"We believe it's time to take a fresh look at the prepaid market and challenge some outdated views," Parker says. She was speaking during a recent webinar sponsored by ABA. TransCard participates in the Community Bank Prepaid Program, through ABA's Business Solutions subsidiary.
Parker challenges the following items of "conventional wisdom":
• Reloadable prepaid cards are for unbanked and underbanked customers-Parker cites studies by Aite and Green Dot, each of which indicates a significant portion of the total population which use prepaid cards earn more than $45,000 a year. She also cites a Javelin Strategy and Research study that found prepaid card ownership exceeds 10% across all income segments, including those making $75,000 to $100,000 annually.
"Does this sound like an underbanked population to you?" Parker says.
• My customers are not interested in prepaid-She quotes a representative of Discover, which studied how the usage drivers of prepaid vary by demographic group. They found: 80 million millennials, ages 21-31, tend to be transient and need prepaid cards for alternative banking; 55 million GenXers, ages 36-47, use prepaid cards for family budgeting; and 40 million baby boomers, ages 55-65, increasingly rely on prepaid cards for specific types of purchases.
• My customers would prefer a checking account-"The No. 1 reason consumers prefer a reloadable prepaid card to a checking account is that it cannot be overdrawn and the consumer cannot overspend," Parker says, citing a study by the Center for Financial Services Innovation. That study found that 21% of 28-24 year-olds used to own checking accounts but no longer do; and 40% of 25-34 year-olds similarly dropped their checking accounts.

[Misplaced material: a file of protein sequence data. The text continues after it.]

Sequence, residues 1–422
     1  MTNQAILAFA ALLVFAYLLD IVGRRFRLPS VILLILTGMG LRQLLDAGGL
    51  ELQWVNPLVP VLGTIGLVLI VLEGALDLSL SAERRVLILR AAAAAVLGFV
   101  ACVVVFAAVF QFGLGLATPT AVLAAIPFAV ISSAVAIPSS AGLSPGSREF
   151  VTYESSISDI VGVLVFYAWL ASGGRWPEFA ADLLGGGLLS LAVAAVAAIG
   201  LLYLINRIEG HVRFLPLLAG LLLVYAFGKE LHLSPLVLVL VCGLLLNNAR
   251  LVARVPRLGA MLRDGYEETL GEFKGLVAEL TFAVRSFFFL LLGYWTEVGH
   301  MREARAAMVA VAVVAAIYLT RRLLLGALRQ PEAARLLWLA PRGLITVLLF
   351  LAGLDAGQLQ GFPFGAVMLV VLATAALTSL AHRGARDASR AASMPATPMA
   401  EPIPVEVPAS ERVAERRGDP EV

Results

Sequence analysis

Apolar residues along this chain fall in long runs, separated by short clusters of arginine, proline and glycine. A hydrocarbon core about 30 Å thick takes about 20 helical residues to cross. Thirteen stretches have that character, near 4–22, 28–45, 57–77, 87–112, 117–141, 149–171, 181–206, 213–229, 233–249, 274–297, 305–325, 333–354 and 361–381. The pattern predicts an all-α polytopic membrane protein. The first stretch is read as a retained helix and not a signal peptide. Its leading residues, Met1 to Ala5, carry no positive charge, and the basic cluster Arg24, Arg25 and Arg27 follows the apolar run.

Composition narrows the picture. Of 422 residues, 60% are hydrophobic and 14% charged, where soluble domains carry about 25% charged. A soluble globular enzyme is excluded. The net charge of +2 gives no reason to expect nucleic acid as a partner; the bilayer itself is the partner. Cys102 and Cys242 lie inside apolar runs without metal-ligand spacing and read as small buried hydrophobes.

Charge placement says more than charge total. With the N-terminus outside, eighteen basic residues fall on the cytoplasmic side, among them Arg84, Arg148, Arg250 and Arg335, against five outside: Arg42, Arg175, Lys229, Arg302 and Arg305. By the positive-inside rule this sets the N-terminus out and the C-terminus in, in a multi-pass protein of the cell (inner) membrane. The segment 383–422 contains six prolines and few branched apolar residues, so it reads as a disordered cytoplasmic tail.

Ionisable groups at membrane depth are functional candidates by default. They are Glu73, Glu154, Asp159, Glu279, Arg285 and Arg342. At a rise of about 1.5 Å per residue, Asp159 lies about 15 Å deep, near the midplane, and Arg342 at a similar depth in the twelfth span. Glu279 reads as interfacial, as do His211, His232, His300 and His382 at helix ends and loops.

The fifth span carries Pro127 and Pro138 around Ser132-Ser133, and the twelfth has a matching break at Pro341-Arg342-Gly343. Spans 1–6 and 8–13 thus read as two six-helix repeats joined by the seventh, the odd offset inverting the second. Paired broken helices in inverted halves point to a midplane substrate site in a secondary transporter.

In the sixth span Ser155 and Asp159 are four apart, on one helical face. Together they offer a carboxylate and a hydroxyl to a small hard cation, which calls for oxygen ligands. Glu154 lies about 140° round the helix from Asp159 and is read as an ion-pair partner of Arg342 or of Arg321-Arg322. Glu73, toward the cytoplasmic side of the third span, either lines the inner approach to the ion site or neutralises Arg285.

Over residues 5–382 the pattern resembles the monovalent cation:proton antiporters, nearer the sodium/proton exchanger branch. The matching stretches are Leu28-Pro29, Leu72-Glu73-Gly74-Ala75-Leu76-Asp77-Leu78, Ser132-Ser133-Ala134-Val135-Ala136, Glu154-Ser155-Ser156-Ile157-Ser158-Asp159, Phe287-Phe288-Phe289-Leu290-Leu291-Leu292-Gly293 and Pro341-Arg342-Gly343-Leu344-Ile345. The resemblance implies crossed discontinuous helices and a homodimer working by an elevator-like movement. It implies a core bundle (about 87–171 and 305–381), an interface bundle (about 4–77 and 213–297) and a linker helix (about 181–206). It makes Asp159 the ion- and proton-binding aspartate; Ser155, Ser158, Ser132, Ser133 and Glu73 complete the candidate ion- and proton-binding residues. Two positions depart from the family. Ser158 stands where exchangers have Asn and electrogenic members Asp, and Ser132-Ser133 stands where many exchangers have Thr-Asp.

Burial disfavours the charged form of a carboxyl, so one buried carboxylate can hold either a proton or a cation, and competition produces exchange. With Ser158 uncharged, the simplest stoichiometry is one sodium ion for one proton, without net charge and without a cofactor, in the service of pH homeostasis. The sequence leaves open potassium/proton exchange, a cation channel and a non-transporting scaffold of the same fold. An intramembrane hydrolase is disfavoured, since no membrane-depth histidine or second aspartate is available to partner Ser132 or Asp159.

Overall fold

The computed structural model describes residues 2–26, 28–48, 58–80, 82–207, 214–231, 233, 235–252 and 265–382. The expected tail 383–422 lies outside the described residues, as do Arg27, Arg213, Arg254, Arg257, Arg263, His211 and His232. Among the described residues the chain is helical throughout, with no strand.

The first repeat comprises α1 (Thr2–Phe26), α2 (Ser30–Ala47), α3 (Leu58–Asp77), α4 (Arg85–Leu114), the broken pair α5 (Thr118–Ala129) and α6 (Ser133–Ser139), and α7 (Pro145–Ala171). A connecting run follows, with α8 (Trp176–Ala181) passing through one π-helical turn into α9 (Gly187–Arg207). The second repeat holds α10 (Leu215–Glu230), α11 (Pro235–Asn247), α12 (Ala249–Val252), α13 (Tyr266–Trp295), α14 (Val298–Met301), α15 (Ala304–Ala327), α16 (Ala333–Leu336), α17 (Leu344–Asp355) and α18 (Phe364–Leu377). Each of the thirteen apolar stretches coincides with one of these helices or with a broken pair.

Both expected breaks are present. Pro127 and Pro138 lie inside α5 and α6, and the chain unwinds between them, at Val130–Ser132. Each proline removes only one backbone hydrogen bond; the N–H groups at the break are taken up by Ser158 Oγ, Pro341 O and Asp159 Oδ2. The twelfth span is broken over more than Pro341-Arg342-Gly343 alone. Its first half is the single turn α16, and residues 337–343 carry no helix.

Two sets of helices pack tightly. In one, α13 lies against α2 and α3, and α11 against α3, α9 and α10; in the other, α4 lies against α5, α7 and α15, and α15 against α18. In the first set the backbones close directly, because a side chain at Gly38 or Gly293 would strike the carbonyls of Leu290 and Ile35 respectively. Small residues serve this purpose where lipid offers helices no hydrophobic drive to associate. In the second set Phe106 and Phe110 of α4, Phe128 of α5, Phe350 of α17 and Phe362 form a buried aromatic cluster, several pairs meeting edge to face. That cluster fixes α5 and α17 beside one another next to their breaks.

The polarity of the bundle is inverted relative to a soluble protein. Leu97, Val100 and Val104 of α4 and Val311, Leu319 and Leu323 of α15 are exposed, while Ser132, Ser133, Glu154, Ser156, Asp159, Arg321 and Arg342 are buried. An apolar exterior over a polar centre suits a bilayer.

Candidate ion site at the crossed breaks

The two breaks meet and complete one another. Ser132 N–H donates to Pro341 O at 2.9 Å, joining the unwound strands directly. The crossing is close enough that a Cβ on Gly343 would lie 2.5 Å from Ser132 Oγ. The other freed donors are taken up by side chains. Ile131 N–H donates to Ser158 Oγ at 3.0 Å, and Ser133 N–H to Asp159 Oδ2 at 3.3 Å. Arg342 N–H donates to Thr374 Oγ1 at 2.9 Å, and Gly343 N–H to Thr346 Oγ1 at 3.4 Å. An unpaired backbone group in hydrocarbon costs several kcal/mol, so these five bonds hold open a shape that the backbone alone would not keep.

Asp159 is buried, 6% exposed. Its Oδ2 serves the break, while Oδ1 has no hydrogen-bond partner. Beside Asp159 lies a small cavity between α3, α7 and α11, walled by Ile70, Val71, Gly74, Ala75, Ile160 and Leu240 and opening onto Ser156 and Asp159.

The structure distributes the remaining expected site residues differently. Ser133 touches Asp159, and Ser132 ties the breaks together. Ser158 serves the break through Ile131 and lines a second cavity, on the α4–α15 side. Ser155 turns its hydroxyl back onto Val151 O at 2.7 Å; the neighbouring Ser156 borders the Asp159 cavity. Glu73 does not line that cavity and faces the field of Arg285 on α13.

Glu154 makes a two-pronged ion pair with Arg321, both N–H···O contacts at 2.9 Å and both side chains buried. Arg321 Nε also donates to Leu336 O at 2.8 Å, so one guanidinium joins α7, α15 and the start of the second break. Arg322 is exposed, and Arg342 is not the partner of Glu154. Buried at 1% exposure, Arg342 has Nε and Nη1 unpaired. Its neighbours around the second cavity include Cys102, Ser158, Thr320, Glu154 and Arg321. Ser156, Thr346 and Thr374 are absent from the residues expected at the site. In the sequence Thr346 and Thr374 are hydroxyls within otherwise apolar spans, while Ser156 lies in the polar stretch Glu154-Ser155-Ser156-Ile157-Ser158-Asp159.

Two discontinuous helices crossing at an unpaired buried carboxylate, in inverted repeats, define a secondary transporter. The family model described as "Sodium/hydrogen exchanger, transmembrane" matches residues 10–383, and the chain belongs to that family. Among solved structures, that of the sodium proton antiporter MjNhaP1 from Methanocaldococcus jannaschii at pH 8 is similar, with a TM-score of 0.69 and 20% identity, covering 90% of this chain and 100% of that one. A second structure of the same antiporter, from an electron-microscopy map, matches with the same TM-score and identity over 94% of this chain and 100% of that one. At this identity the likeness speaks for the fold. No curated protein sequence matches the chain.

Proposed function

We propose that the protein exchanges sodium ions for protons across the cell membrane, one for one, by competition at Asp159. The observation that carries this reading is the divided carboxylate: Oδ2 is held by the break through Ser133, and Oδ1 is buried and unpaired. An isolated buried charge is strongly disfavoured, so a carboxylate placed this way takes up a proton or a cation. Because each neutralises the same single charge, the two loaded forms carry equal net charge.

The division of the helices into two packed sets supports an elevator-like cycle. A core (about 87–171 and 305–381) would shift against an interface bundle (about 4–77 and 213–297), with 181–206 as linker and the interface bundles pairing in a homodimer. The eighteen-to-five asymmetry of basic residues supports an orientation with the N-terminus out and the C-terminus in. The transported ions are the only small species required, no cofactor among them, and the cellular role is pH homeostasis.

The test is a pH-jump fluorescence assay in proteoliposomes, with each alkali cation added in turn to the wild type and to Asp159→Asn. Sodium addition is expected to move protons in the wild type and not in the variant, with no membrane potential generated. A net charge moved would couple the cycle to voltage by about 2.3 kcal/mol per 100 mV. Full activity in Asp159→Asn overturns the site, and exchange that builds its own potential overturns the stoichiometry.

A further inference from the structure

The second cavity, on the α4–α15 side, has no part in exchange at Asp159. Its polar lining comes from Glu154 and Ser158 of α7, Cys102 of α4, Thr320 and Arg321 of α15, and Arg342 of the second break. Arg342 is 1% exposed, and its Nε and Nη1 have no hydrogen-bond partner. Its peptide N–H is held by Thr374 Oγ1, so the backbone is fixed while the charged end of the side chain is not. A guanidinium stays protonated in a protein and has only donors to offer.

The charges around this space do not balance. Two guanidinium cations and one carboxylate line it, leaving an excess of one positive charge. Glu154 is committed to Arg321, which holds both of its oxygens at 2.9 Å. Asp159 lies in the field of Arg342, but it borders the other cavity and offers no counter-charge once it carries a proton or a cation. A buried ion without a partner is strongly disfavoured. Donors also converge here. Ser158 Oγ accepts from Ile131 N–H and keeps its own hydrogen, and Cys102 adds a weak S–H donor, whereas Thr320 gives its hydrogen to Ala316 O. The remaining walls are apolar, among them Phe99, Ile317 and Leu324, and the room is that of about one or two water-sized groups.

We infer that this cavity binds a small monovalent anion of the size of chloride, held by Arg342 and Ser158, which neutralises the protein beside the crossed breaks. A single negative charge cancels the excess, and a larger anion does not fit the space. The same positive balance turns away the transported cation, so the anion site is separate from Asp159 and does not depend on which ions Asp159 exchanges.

• We don't have those customers in our branches-"Simply ask yourself: how many applicants for checking accounts do you turn down each month? How many accounts do you close because of excessive overdrafts? How many checks do you cash for employees of commercial clients each month? Checking accounts are not a good fit for any of these individuals. Yet, a reloadable prepaid card is. Rather than turning these customers away, or treating visitors to your branches like a transaction on payday, why not use prepaid to retain and build the relationship?" Parker asks.
• We don't have those customers in our markets-TransCard looked closely at Greenwich Conn., which has a mean household income 30% higher than the U.S. average. Looking at a representative community bank in the middle of this region, the company determined that there was a population of 87,000 people within a ten-minute drive. Of these, 16% were in the unbanked demographic.
"Think about that. One in six residents of one of the wealthiest areas of the country is unbanked. What does that imply about the unbanked population in your market?" Parker asks.
Summing up, Parker says: "It's time more financial institutions took a fresh look at the prepaid market. When they do so, they will find conventional wisdom replaced with the fact that prepaid cards have become a mainstream financial product."
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